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Published on October 15th, 2014 | by Nicholas Brown

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New “Groundbreaking Battery” Lasts 20 Years & Recharges In 2 Minutes

October 15th, 2014 by  


Kompulsa.

I’ve been monitoring and writing about battery technology advancements for years, and have been let down so many times. This time, a lithium-ion battery technology that can be recharged to 70% in 2 minutes has been developed, and it can theoretically last 20 years! Let’s hope this is for real.

NTU's Assoc Professor Chen Xiaodong with research fellow Tang Yuxin and PhD student Deng Jiyang. Image obtained with thanks from NTU.

NTU’s Assoc Professor Chen Xiaodong with research fellow Tang Yuxin and PhD student Deng Jiyang. Image obtained with thanks from Nanyang Technological University (NTU).

This technology is facilitated by the use of a titanium dioxide-based gel in the anode, unlike conventional lithium-ion batteries, which often contain graphite anodes. Titanium dioxide is an abundant, cheap, and non-toxic material. That is a step in the right direction for battery manufacturing.

According to NTU:

Naturally found in spherical shape, the NTU team has found a way to transform the titanium dioxide into tiny nanotubes, which is a thousand times thinner than the diameter of a human hair. This speeds up the chemical reactions taking place in the new battery, allowing for superfast charging.

Previous “battery breakthroughs” usually had a significant flaw, or just didn’t make it to the market… or at least not yet. For example: MIT’s battery that charges in 20 seconds, and is supposedly cheaper than the others.

That was one of a few technologies which didn’t appear to have any serious flaws. It could be a game changer if it was commercialized. But we still don’t see it on the market.


 

The new battery announcement from Nanyang Technological University could have a great impact on the electric vehicle industry, since a key issue affecting electric vehicle adoption is battery charge time. If electric vehicles could recharge quickly enough, they would not need much range. Range is currently an issue because people generally don’t want to sit in a public place for hours waiting for their vehicles to charge. For the most part, they can charge at home, but what about those times when they need to charge in between trips or in the middle of trips away from home?

People rarely drive more than 30 miles at a time, and even if they wanted to do a 400-mile trip in a car that has only 80 miles of range, they could recharge it for 2 minutes every 80 miles (or ever 30-60 minutes), if this breakthrough is for real.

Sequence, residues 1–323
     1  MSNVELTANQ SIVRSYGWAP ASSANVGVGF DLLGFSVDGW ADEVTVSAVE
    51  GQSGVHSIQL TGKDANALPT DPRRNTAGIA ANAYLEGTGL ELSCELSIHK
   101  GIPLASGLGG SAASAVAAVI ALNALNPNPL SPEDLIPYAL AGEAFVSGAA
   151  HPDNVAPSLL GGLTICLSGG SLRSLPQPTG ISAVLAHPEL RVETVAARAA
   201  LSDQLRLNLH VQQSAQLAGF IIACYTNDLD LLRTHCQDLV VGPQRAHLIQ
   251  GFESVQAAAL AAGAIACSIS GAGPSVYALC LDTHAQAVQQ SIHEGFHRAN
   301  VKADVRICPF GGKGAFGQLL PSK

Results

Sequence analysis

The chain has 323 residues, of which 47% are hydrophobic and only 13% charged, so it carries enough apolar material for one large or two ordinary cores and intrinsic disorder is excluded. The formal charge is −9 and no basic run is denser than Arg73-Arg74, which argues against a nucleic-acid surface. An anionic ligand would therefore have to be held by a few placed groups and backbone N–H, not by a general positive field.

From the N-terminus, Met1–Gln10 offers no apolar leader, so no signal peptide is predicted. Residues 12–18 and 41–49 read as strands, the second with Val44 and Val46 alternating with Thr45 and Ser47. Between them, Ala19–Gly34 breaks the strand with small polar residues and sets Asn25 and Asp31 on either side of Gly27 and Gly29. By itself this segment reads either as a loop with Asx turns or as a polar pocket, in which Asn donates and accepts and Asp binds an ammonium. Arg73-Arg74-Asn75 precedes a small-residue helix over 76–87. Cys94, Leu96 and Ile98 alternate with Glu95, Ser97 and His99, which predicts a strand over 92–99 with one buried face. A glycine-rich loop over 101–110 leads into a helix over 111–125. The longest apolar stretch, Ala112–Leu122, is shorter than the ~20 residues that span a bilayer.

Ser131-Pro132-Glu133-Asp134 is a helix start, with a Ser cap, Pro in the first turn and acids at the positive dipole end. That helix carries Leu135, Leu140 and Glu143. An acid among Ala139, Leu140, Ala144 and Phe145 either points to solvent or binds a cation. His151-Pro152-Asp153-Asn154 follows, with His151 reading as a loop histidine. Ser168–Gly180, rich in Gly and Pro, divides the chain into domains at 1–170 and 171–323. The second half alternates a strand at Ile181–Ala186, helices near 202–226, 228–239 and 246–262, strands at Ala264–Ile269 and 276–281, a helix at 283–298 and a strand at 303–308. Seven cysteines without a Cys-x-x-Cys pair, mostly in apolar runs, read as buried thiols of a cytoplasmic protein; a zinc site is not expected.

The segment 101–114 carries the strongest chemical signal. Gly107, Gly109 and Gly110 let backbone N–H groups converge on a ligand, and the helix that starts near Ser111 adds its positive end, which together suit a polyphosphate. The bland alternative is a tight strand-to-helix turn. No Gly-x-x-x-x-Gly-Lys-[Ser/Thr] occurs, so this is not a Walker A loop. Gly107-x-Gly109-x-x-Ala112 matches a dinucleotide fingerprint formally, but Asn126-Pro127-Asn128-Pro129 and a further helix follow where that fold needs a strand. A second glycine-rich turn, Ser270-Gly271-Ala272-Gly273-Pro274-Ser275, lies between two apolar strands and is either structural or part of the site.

Some think that electric vehicles must amount to the 300-500 mile range that gasoline-powered vehicles have, but this isn’t necessary. Gas tanks are cheap enough to just make them bigger. Most people’s gas tanks can last longer than a week, so they don’t even bother to refill them daily.

Apart from that, electric vehicles have the other benefit of recharging at home overnight daily, so the user won’t have to go to a charging station most of the time anyway, and they often have their full range recharged every day or every other day overnight, unlike gas-powered vehicle users which can’t have that luxury.

This Battery Technology’s Impact On Electric Planes

The electric plane industry hasn’t taken off yet, and is struggling to do so. However, I’m sure that electric planes could benefit from a reduced recharge time. Planes will sometimes need to top up between flights, and time is of the essence in the airline industry.

The ability to recharge to 70% in two minutes might help the airline industry take another big step towards the electrification of planes.

This technology was developed by a team of researchers including Prof Chen Xiaodong, Tang Yuxin, and PhD student Deng Jiyang at Nanyang Technology University (NTU) in Singapore.

Source: Kompulsa. Reproduced with permission. 

 
 





 

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About the Author

writes on CleanTechnica, Gas2, Kleef&Co, and Green Building Elements. He has a keen interest in physics-intensive topics such as electricity generation, refrigeration and air conditioning technology, energy storage, and geography. His website is: Kompulsa.com.



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